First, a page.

Analysis of breast cancer metastasis candidate genes from next generation-sequencing via systematic functional genomics

Monica Marie Blomstrøm

    Research output: ThesisPh.D. thesis


    Metastatic breast cancer remains an incurable disease accounting for the vast majority of deaths from breast cancer. Understanding the molecular mechanisms for metastatic spread is important to improve diagnosis and for generating starting points for novel treatment strategies. Inhibition of metastatic spread or targeted drugs causing synthetic lethality to metastatic cells are two conceivable approaches. Somatic mutations identified by next-generation sequencing offer a promising source for discovering so far unknown, new genes and mutations playing a role in metastasis formation. A great advantage of mutations is that they are most likely stable in the metastatic cancer cell population, whereas miRNA, mRNA and protein expression profiles may change substantially prior to, throughout, or after the complex metastatic process as well as between subpopulations such as cancer stem cells (CSCs) and non-CSCs.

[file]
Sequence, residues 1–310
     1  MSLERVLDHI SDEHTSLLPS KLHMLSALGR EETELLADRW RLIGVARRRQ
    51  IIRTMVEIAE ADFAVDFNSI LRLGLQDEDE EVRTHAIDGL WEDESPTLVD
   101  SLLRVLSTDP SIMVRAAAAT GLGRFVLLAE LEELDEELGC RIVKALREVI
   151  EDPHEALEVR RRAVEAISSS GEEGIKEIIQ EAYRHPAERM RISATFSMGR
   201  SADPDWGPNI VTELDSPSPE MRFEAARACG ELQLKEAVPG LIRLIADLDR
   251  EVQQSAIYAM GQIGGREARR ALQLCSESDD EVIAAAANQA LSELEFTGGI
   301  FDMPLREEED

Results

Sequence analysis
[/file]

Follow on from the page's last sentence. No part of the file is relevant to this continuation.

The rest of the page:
The main goal of this project was to functionally characterize a set of candidate genes recovered from next-generation sequencing analysis for their role in breast cancer metastasis formation. The starting gene set comprised 104 gene variants; i.e. 57 wildtype and 47 mutated variants. During the project, the aim was to generate a panel of genetically identical (“isogenic”) MCF7 breast cancer cell lines with inducible overexpression of the gene variants, and to analyze these for effects on breast cancer growth and invasion in vitro under standardized conditions. Moreover, it was aimed at acquiring insight into which gene variants may be involved in epithelial-mesenchymal-transition (EMT), by measuring CDH1 and CDH2 mRNA levels by quantitative RT-PCR, because EMT is generally considered as main driving mechanism for acquiring metastatic abilities and for the emergence of CSCs.
    At present state several growth modulators and invasion modulators were identified and independently validated. These candidates revealed a group of genes with metastasis-related functions in vitro that are involved in RNA-related processes, such as RNA-processing. Moreover, a general feature was that proliferation and invasion potential were inversely correlated. Opposed to this, a clear association of invasive potential with EMT could not be confirmed. Collectively, this points to that mechanisms other than EMT may play at least an equivalent role in acquisition of metastatic potential.
    Translated title of the contributionAnalyse af brystkræft metastase kandidat gener fra next generation-sequencing via systematisk funktionel genomics
    Original languageEnglish
    Publication statusPublished - 15. Mar 2016

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